Honestly, this is a pretty easy choice to make and it will save you a lot of money in the long run. It's not only the plastic handles, but also the packaging that can only be recycled in some areas and often end up in landfill. According to the EPA, it takes about a 1000 years for these to degrade.
A classic design with a newfound demand, safety razors are making a comeback so your body hair won’t.
I've got mine from Amazon (Click the link to get yours):
6. Reusable Cotton Pads
Another important purchase I made was a pack of 5 reusable cotton pads.
According to WWF, the amount of water needed to produce one kilogram of cotton, which is one of our basic white T-Shirts, is the same amount of water one person would drink over three years. Bearing that in mind, we at least keep our trusted t-shirts for longer than a day, so imagine the amount of water we waste on a single-use cotton pad.
Not only would removing them from our beauty routines reduce water wastage but think of how much less we’d be emptying our bins if we weren’t chucking a cotton pad away every time we apply our toner in the evening. Less cotton pads thrown away, equals less cotton pads going straight to landfill.
You'd think that this solves out problems, but there's more to it. The pesticides used to grow the cotton depletes soil quality and after, as a direct result, it ends up in our water systems, affecting animals and us, humans' lives.
Reusable cotton pads can be washed once they become dirty, while you generate no waste and saves you a bunch of money in the long run.
I've got mine from here:
7. Menstrual Cup
Oh Yes! The cup . . .
This was a huge change for me that I made almost 2 years ago. I still remember how freaked out I was because I didn't read the instructions properly and I thought the damn thing got stuck in me.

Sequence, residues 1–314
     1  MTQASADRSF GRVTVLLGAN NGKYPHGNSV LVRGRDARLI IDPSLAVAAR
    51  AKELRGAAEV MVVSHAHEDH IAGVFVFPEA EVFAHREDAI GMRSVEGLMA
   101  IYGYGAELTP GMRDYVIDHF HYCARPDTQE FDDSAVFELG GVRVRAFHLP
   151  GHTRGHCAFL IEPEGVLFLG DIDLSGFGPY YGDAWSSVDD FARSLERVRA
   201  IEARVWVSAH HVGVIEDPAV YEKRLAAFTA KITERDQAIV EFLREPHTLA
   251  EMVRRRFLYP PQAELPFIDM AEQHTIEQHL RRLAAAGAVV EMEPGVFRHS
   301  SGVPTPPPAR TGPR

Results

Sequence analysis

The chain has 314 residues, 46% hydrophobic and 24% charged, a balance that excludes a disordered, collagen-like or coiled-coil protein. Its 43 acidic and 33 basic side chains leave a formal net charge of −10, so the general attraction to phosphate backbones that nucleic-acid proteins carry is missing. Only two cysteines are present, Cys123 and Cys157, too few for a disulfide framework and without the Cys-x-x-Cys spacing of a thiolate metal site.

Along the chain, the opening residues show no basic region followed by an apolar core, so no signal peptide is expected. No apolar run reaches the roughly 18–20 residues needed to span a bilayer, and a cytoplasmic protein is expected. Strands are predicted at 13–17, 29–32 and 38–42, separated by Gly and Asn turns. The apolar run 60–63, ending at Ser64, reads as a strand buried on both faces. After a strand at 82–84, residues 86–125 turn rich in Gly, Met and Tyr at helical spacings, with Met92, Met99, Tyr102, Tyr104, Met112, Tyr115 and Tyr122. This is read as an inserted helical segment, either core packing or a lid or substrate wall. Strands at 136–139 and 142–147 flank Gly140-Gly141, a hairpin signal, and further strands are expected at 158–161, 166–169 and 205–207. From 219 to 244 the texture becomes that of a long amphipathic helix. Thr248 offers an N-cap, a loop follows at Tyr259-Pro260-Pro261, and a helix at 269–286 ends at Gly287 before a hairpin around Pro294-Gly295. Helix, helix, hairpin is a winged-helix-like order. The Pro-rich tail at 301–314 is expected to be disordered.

Read the instructions guys, don't be like me!
Tampons and pads all contain plastic, and generate more than 200,000 tonnes of waste per year. Ladies, we have to do something about this!
We all know that periods are not fun, you bleed once a month and you have to shove things up there so there's no blood on the floor. They are also not so good for the planet. Which is not entirely our fault, ladies. We have been made to believe that buying that might seem a necessity and also pollute our environment.
According to the Women’s Environmental Network, “Tampons, pads and panty liners generate more than 200,000 tonnes of waste per year, and they all contain plastic – in fact, pads are around 90 percent plastic – which ends up in landfill or, even worse, in seas and rivers.” Not only that, but non-organic sanitary products are made from cotton that's been sprayed with chemical pesticides, which in turn wreaks havoc on biodiversity and can give cotton workers potentially lethal pesticide poisoning.
I hope this is enough for you all to consider a different mindset when it comes to periods.
We are not perfect, I still sometimes use a disposable panty liner because let's be honest, menstrual cups aren't always the best and sometimes they can leak a little. It may time some time to find the best one for you and get used to inserting it and cleaning it, but like with everything else, you get used to it and it becomes part of your routine.
8. Homemade Flatbread